NFL players begrudgingly approve new union contract
In a Thursday, Jan. 30, 2020 file photo, Eric Winston, president of the NFL Players Association, speaks at the annual state of the NFLPA press conference, in Miami Beach, Fla. NFL players have approved a new labor agreement with the league that features a 17-game regular season, higher salaries, increased roster sizes and larger pensions for current and former players. | Chris Carlson/AP

Once upon a time, this reporter found himself sitting across the table from management during the second to last collective bargaining agreement negotiation session. Sliding across the table, neatly paperclipped together was a stack of 8.5 x 14-inch paper—it was management’s last, best, and final offer.

I looked up at the attorney sitting directly across from me, our eyes making unblinking eye contact before he casually said: “You know how I know this is a good union contract? Because neither side is happy with it.”

I’ve always found that logic flawed. The fact that neither side is ever completely happy with the outcomes of a final union contract is obvious, but for neither side to be happy can only mean there will be issues and complications arising throughout the entire length of the agreement.

And from a union member’s perspective, if the rank and file are split down the middle about the contract, you can rest assured unity and collective action will be hard to pull off at a later date and time.

By a razor-thin majority (1,019 yes—959no), with an estimated 500 union members not participating, the NFL Players Association approved a new CBA with the league.

The new contract which will run through the 2030 season, was approved by the 32 team owners last month. The NFLPA membership spent all of last week voting on the 439-page contract after the executive board narrowly rejected it by a 6-5 vote, and the player representatives voting 17-14 in favor, with one abstention.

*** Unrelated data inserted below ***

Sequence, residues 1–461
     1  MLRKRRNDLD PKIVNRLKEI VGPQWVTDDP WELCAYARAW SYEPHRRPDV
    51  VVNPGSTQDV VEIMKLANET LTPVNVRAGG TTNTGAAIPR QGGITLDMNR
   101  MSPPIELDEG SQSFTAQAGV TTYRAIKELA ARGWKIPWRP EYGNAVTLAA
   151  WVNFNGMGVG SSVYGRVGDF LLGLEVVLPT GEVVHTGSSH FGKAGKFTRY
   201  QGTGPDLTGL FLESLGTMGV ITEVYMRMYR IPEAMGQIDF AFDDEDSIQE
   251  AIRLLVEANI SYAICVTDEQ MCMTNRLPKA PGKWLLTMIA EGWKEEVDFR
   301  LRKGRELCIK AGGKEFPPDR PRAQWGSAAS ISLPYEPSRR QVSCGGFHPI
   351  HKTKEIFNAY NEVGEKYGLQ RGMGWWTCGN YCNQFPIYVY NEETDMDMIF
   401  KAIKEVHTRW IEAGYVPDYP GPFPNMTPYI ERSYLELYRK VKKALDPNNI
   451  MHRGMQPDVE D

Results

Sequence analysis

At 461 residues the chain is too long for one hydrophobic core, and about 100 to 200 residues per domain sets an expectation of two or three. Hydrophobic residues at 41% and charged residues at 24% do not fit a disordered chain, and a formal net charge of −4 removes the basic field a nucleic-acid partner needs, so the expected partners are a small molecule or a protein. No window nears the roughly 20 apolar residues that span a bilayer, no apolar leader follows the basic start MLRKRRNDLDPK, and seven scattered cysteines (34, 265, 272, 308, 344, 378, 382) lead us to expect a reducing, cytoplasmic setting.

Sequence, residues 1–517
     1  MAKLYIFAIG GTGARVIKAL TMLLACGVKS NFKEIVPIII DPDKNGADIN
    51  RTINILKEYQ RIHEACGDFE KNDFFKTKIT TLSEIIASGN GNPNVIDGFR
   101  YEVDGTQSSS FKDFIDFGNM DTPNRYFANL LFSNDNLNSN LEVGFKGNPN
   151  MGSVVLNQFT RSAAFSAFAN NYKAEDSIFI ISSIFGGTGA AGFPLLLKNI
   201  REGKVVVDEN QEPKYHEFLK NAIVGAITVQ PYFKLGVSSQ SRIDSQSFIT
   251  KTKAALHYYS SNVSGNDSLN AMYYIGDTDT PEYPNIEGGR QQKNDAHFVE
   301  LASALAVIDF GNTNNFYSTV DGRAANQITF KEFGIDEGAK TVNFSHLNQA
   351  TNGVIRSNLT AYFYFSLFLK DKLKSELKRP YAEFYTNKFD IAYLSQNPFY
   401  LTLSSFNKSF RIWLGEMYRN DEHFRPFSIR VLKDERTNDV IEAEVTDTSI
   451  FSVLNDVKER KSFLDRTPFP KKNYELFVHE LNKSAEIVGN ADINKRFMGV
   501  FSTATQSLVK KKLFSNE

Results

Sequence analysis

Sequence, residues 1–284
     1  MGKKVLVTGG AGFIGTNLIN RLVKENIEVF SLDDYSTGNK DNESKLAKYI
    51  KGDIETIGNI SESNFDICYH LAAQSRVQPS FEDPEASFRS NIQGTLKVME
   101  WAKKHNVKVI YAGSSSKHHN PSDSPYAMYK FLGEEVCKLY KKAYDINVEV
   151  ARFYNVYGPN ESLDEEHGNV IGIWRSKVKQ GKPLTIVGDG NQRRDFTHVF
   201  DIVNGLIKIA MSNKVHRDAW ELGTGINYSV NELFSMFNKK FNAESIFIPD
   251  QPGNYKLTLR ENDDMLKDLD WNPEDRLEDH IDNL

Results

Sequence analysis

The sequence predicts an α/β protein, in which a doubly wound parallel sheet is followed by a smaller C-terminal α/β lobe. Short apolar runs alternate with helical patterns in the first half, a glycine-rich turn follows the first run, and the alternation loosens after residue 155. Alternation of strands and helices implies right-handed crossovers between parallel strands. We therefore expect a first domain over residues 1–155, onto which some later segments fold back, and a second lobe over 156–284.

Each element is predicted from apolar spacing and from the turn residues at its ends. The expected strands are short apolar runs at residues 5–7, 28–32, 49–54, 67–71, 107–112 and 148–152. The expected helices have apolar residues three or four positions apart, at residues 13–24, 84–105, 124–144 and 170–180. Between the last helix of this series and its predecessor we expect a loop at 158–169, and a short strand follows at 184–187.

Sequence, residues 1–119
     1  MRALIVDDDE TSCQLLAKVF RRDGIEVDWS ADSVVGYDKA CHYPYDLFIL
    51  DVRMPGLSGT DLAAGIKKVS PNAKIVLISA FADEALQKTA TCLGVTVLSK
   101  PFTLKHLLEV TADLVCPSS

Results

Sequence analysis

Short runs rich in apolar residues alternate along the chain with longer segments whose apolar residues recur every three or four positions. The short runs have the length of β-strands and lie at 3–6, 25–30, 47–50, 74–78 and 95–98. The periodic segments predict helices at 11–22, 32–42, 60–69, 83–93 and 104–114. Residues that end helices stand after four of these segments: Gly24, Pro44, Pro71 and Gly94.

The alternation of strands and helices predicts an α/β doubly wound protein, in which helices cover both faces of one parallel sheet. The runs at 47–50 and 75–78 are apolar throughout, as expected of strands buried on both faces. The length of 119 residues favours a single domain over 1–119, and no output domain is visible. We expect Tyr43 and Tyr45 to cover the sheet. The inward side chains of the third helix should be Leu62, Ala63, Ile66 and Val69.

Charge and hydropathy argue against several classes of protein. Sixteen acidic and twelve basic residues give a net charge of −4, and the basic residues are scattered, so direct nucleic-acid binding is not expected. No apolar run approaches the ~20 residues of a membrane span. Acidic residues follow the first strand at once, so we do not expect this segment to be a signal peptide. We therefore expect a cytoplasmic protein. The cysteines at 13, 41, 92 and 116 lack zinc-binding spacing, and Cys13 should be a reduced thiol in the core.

This was not a pleasant vote. Right from the start of negotiations players expressed concerns that team owners would again be given an upper hand once the final deal was hammered out. And, player opposition to it was strong. NFL stars Aaron RodgersRussell WilsonJ.J. Watt, and Todd Gurley spoke out against the deal.

“Can’t believe we agreed to that lol,” tweeted Colts tight end Eric Ebron. “We can only play this game for so long and y’all didn’t want everything we could get out of it? … 2030 y’all do better.”

Marlon Humphrey, Ravens cornerback, expressed irritation with the contract votes low turnout.

“Around 500 players didn’t even vote on the new CBA …,” he tweeted. “It’s good and bad to this deal. I could see why anyone would vote either way. I just think it’s amazing guys don’t even care.”

Calls for unity came immediately after the final vote count and were on blast giving the amount of disapproval.

Russel Okung, offensive tackle for the Chargers, and NFLPA executive committee member, went as far as filing an unfair labor practice charge against the NFLPA.

His complaint details: “Both the NFLPA’s procedural violations of the [union] Constitution and substantive ways the proposed CBA compromises, ignore the rights of Players, many of whom have been asked to vote on the CBA without receiving full or accurate information about the proposal.”